Grow Tip: When And How To Harvest Your Cannabis

Published :
Categories : BlogCannabisGrowing Cannabis

Grow Tip: When And How To Harvest Your Cannabis

No-one wants to see their beloved cannabis plant fail in its final hour, so here is a brief guide to the best time to harvest.

Harvesting your cannabis in the right way at the right time is essential if you want to get the most out of your plant. Getting wrong can lead to some weak, or strange tasting bud – which no one wants! It is a mistake often made by novices, and a crying shame to have stumbled at one of the last hurdles. To help prevent such a travesty from happening, we have put together a guide to harvesting you bud like a pro.


As cannabis flowers, it produces loads of little trichomes full of cannabinoid goodness. By observing these trichomes as they develop, you can gain a lot of insight as to when the best time to harvest is. However, to do this, you will need a pocket microscope with a strength between 25x-100x. With this in hand, you will be able to easily observe the trichomes around the flowering sites as they develop. What you are looking for is a change in colour. They should initially start of growing clear, turn cloudy, and then eventually start going amber in colour. It is when the majority of trichomes have turned cloudy that the cannabinoid content is at its highest. If trichomes start turning amber, then the cannabinoid content has passed its peak and is now degrading.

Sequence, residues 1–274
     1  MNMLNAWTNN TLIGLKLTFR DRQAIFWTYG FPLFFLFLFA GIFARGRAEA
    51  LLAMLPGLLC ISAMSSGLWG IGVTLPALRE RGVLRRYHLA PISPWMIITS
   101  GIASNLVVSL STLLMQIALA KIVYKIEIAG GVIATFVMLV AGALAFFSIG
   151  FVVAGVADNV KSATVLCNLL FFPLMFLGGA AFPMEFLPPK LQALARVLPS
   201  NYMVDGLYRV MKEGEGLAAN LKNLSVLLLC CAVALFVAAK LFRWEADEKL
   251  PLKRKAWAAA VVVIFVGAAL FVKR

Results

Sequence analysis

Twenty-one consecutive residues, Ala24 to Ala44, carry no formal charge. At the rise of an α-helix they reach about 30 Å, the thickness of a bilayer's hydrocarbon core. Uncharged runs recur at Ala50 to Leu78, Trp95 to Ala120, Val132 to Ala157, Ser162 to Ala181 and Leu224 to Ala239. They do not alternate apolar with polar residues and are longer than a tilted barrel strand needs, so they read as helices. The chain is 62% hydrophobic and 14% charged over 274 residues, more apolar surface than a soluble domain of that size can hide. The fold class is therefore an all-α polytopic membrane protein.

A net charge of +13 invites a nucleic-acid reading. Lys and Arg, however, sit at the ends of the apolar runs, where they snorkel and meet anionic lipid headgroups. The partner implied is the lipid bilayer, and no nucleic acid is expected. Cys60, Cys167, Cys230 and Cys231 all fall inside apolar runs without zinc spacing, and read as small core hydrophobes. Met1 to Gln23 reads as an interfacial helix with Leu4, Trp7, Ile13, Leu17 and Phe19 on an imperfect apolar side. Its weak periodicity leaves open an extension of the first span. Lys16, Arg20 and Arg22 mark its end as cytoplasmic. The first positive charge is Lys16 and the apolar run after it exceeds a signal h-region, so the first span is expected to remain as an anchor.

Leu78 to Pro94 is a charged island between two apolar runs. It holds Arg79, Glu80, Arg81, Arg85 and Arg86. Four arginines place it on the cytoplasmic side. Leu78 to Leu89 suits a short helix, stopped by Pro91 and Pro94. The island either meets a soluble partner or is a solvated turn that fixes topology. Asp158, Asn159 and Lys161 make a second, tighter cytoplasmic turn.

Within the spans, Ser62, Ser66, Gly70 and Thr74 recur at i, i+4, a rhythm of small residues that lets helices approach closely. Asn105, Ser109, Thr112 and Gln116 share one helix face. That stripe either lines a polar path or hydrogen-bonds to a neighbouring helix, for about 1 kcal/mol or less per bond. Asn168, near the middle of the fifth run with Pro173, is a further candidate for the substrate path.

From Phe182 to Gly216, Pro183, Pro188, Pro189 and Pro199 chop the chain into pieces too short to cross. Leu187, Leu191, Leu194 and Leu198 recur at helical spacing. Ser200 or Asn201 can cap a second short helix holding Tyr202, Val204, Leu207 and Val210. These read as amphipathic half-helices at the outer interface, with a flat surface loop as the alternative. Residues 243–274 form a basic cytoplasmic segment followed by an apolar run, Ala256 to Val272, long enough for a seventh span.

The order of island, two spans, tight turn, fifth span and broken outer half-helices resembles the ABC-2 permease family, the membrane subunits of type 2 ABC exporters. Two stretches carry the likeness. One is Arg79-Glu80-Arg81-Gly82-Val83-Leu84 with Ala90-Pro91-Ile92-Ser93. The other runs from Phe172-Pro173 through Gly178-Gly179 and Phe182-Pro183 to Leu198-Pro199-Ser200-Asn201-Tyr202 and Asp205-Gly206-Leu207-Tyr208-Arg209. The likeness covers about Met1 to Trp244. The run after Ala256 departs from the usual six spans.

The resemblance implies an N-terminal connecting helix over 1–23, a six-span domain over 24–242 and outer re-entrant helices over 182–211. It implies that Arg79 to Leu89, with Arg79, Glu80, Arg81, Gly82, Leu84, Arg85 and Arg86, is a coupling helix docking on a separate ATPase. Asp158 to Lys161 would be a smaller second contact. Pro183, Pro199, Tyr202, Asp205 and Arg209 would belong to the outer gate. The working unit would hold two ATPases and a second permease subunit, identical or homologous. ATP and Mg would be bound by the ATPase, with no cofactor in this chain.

It is worth noting that the colour is not the same for every strain of cannabis out there. Some strains can actually start with amber trichomes, giving the unprepared a heart attack. What is important is to watch for an initial colour change.


During the last two weeks of flowering, you want to stop feeding your weed and start flushing the soil. This will help remove any built up salts and remaining nutrients from the soil, forcing your cannabis to use up its reserves. Whilst this may sound odd to some, the reasoning is sound. You want your plant to use up all of its reserves, so that sugar, starch, and other nutrient content are all used up just before the harvest. If allowed to remain, it can cause your bud to taste bitter, create a harsh smoke, and make it harder to burn.

First, as the flush begins about 2 weeks before harvest, you want to try and time it to coincide with the majority of your trichomes turning cloudy. This can be quite tricky, and will come with practice. Keep an eye at the rate with which your trichomes are changing and make an educated estimation as to how long it will take for the majority of them to change.

To begin a flush, you want to be using pure, plain water. First, soak the soil so that water runs all the way through. Now give it 5-10 minutes to allow the water to loosen the salts and nutrients up. Now follow up with another soaking. This next wave of water will help the now broken up content run through the soil and out the bottom of your pot (or deeper into the soil if growing outdoors). This is known as a two-step flush. You need to do this at regular intervals for the last two weeks to ensure the soil is completely cleaned.

You can actually test you cannabis to see if it has used up all of its food stores. Simply break off a leaf and taste the juice that comes out of the stem. If it is bitter, then there are still nutrients present in the plant. If tastes like water, then you are ready to go!


Lastly, an often overlooked pro tip is to harvest before the lights come on, or before the sunrises when outdoors. During dark periods, cannabis stores starch in its roots, moving it into the plant when it is exposed to light. By harvesting during a dark period, you ensure that any potential starch content is at its minimum. The result is a much smoother smoke.